County Kerry

Holiday Cottages in Kerry

All Self Catering Holiday Homes in Kerry

We have selected nearly 100 individual cottages that take full advantage of the unique scenery that the county offers.  

County Kerry, traditionally known as the 'kingdom', is situated in the extreme south-west of Ireland. Kerry has two contrasting types of terrain - the mountainous south with the Beara, Iveragh and Dingle peninsulas, and the smaller 'plains' area that stretches as far north as the Shannon estuary. Along the coast, sandy bays alternate with cliffs and rocky headlands. You'll also see regions of outstanding scenic beauty, such as the Ring of Kerry.

The drive from Tralee to Brandon is spectacular, and in the Brandon Art Gallery, the beauty of Kerry's scenery is captured in a collection of stunning oil paintings. From Brandon, you can walk over the Conor Pass to Dingle - or simply climb Mount Brandon to experience raw beauty at its best. However, scenery is by no means Kerry's only attraction there are many coastal resorts with excellent angling, great cycling, superb golf courses and a wealth of ancient monuments.

North Kerry is a very pleasant, undulating lowland stretching from the hill region of South Kerry northwards to the Shannon estuary  North Kerry has a varied coastline with fine cliff scenery at Kerry Head and Ballybunion.  Inland there is a strip of limestone land which contains a number of caves and underground streams as yet not properly explored.  Proceeding eastwards the change from limestone to shale rock gives rise to a more elevated tract stretching over the borders of Limerick and Cork.  These moors and boglands seldom rise over 1000 feet.  Near Tralee they are known as the Stacks and Glanarudddery mountains.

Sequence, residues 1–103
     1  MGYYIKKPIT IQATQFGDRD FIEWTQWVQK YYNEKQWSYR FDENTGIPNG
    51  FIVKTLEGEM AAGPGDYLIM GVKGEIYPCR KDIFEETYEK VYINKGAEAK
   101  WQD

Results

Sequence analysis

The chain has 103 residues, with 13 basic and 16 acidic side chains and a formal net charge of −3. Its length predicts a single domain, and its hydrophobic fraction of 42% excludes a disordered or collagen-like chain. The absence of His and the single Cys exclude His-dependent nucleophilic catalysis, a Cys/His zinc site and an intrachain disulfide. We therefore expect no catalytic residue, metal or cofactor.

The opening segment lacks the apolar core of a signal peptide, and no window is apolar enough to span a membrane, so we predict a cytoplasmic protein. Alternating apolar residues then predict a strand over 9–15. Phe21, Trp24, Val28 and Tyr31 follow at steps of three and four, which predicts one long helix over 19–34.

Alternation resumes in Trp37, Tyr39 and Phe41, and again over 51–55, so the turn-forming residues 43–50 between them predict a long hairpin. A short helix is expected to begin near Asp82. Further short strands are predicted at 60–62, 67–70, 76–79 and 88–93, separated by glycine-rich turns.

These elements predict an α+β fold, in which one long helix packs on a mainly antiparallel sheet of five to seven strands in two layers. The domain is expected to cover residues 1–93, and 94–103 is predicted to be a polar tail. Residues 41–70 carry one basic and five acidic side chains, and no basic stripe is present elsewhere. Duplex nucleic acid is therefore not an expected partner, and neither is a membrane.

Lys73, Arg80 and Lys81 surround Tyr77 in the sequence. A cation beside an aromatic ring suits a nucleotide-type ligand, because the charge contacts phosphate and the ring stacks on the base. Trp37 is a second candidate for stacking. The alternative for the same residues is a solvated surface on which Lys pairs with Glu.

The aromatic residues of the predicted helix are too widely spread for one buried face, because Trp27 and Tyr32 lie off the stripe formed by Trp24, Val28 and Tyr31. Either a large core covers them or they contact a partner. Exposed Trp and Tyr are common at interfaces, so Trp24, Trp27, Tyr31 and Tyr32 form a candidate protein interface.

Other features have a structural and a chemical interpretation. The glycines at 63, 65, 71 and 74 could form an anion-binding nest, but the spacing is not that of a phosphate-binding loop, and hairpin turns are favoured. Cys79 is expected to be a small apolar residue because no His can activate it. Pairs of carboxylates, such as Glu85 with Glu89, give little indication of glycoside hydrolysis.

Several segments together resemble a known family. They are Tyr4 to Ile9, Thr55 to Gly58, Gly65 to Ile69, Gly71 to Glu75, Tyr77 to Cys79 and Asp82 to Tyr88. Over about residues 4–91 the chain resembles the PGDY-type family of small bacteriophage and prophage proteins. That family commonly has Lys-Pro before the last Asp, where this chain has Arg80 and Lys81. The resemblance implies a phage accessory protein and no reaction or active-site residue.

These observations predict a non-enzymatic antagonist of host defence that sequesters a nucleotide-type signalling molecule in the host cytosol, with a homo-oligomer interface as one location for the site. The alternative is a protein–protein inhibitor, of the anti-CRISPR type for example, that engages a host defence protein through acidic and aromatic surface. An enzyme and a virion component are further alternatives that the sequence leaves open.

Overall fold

South Kerry possesses some of the finest and best-known scenery in the country, with the famous Lakes of Killarney, Ireland's highest mountain, Carrantuohill, the dramatic Gap of Dunloe, the passes of Ballaghisheen, Ballaghabeama, Coomakista, Moll's Gap and the Tim Healy Pass; the National Parks at Killarney and Derrynane; the fascinating Skelligs; the little known 'Highlands' of Glencar; the many places of archaeological and historical interest, highlighted by the world-renowned Ring of Kerry.  On the southern side of the Ring is the beautiful Kenmare valley with its picturesque town.

The facilities available to the fisherman, golfer, motorist, mountain-climber, bather, cyclist are unrivalled.  Islands off the peninsula contain some of the most important sea-bird colonies in Europe.  They hold what may be the largest concentration of storm petrels and gannets in the world and Ireland's greatest colony of Manx shearwaters.  

Entertainment in the area is varied and suited to most tastes - anything from the serenity of a ballet performance to the informality and gaiety of a traditional singing pub  The hospitality and friendliness of the people can be experienced during one of the area's many festivals.  Though small in area, South Kerry has all the ingredients to ensure a truly enjoyable and memorable holiday.